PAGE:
When the Philadelphia Eagles took tight end Dallas Goedert in the second round of the 2018 NFL Draft, Zach Ertz was coming off a third straight season with at least 70 receptions and 800 receiving yards. Ertz had firmly established himself as one of the league’s best tight ends, and a rookie like Goedert wasn’t just going to step into that situation and usurp him. Even so, the second-fiddle role Goedert has played early in his NFL career has made it easy to overlook his solid play.
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I recently highlighted 32 players — one on each NFL team — who stood out as underrated. Goedert was my choice for Philadelphia, and the more I dove into his play, the more I realized how short the list of tight ends I would take ahead of him in the league is right now. His receiving numbers aren’t gaudy, particularly when you compare them with Ertz's since 2018, but his grading profile pops for a young player at a position where players generally take a year to find their footing once hitting the NFL. A big part of that is what Goedert has been able to do as a blocker early in his career.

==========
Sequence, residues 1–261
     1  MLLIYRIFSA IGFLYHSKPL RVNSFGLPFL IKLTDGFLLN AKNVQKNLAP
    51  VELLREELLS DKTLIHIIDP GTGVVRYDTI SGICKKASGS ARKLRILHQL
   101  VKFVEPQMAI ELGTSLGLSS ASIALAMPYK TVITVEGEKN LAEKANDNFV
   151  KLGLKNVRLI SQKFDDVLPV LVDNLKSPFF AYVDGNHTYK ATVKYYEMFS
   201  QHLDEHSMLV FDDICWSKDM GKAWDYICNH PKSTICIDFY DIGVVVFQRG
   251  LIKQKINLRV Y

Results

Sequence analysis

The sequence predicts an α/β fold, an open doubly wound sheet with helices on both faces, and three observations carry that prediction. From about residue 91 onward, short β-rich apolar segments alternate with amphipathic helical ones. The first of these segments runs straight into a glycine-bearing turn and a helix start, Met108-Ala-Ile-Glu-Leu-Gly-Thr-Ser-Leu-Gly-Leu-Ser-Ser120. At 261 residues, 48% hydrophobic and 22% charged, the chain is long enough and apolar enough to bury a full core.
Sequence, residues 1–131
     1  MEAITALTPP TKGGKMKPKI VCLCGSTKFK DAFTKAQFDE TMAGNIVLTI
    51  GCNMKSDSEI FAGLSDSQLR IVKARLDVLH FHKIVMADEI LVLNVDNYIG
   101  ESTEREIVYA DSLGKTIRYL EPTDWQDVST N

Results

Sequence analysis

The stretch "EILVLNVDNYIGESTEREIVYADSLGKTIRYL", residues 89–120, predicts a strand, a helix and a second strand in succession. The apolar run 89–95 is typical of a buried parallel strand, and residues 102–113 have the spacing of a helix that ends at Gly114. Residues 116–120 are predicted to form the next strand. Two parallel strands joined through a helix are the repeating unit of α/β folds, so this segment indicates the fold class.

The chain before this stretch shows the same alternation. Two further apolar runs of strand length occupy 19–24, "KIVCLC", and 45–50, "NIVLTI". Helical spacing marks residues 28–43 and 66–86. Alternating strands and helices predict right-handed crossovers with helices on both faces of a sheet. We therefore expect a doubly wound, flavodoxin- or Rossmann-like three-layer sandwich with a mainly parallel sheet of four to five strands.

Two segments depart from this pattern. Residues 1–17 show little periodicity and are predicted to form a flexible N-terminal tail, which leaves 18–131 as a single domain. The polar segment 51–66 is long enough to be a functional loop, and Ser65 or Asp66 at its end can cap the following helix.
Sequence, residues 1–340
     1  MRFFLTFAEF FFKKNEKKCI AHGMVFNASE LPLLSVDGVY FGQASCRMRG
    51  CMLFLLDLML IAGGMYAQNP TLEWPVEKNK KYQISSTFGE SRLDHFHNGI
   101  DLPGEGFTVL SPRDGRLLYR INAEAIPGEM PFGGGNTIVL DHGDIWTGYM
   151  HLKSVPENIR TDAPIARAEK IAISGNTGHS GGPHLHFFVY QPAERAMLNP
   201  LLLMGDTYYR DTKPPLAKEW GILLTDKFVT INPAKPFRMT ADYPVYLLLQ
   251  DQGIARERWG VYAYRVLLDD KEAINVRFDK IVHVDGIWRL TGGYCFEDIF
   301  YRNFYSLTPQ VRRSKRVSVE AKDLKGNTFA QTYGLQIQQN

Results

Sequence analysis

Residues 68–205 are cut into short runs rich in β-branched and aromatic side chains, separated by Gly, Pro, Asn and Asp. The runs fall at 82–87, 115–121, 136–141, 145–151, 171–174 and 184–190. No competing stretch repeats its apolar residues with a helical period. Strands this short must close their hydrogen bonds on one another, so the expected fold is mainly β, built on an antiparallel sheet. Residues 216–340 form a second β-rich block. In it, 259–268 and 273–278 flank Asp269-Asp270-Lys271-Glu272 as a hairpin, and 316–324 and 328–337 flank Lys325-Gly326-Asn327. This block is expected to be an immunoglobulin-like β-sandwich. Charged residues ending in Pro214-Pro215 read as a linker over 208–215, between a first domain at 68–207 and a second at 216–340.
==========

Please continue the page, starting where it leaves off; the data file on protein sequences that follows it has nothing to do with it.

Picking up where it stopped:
Goedert is one of the most versatile tight ends in the NFL
In our scouting report on Goedert coming out of South Dakota State, a concern was that he was overpowered at times at a run-blocker, but lead draft analyst Mike Renner said Goedert “has the tools to where he could be a plus run-blocker in the future. It just might take him a while.”
It really didn’t take much time for him to adjust to that aspect of the game at the NFL level. In fact, only Maxx Williams (83.9) has a higher two-year run-blocking grade than Goedert (81.4) since he was drafted in 2018. Goedert even sits one spot ahead of George Kittle in the PFF run-blocking grade department (79.8).